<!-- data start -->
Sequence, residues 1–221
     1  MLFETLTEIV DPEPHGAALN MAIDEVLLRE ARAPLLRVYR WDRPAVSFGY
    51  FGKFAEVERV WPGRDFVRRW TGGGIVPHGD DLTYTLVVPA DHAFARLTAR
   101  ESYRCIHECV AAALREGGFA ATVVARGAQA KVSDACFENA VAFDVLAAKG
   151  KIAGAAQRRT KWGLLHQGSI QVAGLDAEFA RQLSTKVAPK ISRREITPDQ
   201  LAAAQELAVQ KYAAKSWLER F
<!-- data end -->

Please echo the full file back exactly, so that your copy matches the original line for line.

Sequence, residues 1–221
     1  MLFETLTEIV DPEPHGAALN MAIDEVLLRE ARAPLLRVYR WDRPAVSFGY
    51  FGKFAEVERV WPGRDFVRRW TGGGIVPHGD DLTYTLVVPA DHAFARLTAR
   101  ESYRCIHECV AAALREGGFA ATVVARGAQA KVSDACFENA VAFDVLAAKG
   151  KIAGAAQRRT KWGLLHQGSI QVAGLDAEFA RQLSTKVAPK ISRREITPDQ
   201  LAAAQELAVQ KYAAKSWLER F